In particular it is a unimodular lattice if and only

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Unformatted text preview: extending the bilinear form by linearity. Recall some terminology in the theory of integral quadratic forms stated in terms of lattices. The signature of a lattice M is the Sylvester signature (t+ , t− , t0 ) of the corresponding real quadratic form on V = MR . We omit t0 if it is equal to zero. A lattice with t− = t0 = 0 (resp. t+ = t0 = 0) is called positive definite (resp. negative definite ). A lattice M of signature with (1, a) or (a, 1) where a = 0 is called hyperbolic (or Lorentzian ). All lattices are divided into two types: even if the values of its quadratic form are even and odd otherwise. Assume that the lattice M is nondegenerate; that is t0 = 0. This ensures that the map (4.4) ιM : M → M ∗ = HomZ (M, Z), m → (m, ?) 20 IGOR V. DOLGACHEV is injective. Since M ∗ is an abelian group of the same rank as M , the quotient group DM = M ∗ /ι(M ) is a finite group (the discriminant group of the lattice M ). Its order dM is equal to the absolute value of the discriminant of M defined as the determinant of a Gram matrix of the symmetric bilinear form of M . A lattice is called unimodular if the map (4.4) is bijective (equivalently, if its discriminant is equal to ±1). Example 4.2. Let M be the lattice defining an integral structure on a finite reflection group from Example 4.1. It is an even positive definite lattice for the groups of types A, D, E and odd positive definite lattice for groups of type Bn , F4 , G2 . These lattices are called finite root lattices of the corresponding type. Example 4.3. Let Γ be an irreducible linear reflection group in V admitting an integral structure M . It follows from (4.2) that, after rescaling the inner product in V , we may assume that M is a lattice in V with MR = V . For example, consider the group Γ = W (p, q, r ) from Example 2.7 as a linear reflection group in Rn , where n = p + q + r − 2. The unit vectors ei of a fundamental Coxeter polytope satisfy π (ei , ej ) = −2 cos mij , where mij ∈ {1, 2, 3}. Thus, rescaling the quadratic form in V by multiplying its values by 2, we find fundamental root vectors αi such that (αi , αj ) ∈ Z. The lattice M generated by these vectors defines an integral structure of Γ. The Gram matrix G of the set of fundamental root vectors has 2 at the diagonal, and 2In − G is the incidence matrix of the Coxeter graph of type Tp,q,r from Example 2.7. We denote the lattice M by Ep,q,r . One computes directly the signature of M to obtain that Ep,q,r is nondegenerate and positive definite if and only if Γ is a finite reflection group of type A, D, E (r = 1(An ) or r = p = 2(Dn ) or r = 2, p = 3, q = 3, 4, 5(E6 , E7 , E8 )). The lattice Ep,q,r is degenerate if and only if it corresponds to a parabolic re⊥ ⊥ ˜˜˜ flection group of type E6 , E7 , E8 . The lattice Ep,q,r is of rank 1 and Ep,q,r /Ep,q,r is isomorphic to the lattice Ep−1,q,r , Ep,q−1,r , Ep,q,r−1 , respectively. In the remaining cases Ep,q,r is a hyperbolic lattice of signature (n − 1, 1). It...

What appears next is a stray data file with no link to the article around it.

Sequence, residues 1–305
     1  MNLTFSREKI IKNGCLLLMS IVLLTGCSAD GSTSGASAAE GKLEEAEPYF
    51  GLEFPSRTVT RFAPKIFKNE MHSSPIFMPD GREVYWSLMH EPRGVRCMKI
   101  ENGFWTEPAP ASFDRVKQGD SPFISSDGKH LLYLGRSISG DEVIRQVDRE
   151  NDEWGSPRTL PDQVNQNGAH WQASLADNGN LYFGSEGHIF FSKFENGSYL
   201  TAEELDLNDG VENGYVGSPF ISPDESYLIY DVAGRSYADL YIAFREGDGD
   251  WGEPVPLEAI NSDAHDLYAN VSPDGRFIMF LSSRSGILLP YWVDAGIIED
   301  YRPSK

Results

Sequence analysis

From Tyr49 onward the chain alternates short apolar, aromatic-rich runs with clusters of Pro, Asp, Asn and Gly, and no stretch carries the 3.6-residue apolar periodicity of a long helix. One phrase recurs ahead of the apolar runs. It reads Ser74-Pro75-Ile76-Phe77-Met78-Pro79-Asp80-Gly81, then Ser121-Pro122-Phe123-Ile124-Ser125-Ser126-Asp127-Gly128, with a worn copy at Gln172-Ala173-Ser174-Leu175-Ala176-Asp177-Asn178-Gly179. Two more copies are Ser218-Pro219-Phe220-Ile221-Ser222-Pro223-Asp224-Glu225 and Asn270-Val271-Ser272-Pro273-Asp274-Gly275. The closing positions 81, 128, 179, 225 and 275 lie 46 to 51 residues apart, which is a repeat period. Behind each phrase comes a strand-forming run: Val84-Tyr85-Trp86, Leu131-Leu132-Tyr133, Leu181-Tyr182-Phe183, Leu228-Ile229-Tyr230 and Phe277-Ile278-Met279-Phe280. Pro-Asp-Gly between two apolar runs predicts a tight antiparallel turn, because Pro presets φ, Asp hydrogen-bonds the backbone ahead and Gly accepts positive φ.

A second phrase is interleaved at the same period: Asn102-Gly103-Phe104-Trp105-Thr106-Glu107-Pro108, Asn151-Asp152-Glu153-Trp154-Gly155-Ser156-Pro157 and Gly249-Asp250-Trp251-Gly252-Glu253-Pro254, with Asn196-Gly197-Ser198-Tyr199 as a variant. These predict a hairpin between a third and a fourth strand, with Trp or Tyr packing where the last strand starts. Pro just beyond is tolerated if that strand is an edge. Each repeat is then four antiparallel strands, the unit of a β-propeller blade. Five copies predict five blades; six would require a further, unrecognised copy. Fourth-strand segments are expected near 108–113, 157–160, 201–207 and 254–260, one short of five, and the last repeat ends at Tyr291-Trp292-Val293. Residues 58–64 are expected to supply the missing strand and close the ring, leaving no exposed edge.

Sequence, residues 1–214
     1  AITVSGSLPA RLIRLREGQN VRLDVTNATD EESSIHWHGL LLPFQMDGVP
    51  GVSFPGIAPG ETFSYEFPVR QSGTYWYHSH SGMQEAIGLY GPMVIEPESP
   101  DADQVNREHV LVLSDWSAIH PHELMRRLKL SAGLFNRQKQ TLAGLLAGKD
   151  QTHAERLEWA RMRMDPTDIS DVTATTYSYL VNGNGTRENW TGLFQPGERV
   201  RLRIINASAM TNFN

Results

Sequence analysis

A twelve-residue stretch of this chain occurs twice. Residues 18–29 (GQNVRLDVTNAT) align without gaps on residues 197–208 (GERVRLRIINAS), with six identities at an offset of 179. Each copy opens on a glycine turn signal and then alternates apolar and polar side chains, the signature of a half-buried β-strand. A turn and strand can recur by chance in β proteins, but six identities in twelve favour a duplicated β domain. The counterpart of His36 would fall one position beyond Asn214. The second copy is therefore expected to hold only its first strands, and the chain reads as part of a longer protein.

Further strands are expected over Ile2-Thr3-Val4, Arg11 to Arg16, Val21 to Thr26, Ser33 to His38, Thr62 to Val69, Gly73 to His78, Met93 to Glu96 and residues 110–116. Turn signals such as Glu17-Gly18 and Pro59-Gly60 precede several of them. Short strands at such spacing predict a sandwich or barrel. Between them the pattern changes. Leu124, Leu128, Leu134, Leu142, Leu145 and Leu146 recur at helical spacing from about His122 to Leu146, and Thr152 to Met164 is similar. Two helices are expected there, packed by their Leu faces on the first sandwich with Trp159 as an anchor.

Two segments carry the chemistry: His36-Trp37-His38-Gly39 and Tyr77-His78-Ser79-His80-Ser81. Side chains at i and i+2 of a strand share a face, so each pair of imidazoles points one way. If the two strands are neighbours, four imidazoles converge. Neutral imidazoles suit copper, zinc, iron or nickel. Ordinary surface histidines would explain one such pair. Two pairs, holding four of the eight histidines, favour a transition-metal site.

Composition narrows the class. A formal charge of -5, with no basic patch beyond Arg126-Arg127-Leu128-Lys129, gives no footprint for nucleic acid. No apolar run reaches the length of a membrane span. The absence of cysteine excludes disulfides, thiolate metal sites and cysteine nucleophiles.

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This note was uploaded on 02/24/2012 for the course MATH 285 taught by Professor Igordolgachev during the Fall '04 term at University of Michigan-Dearborn.

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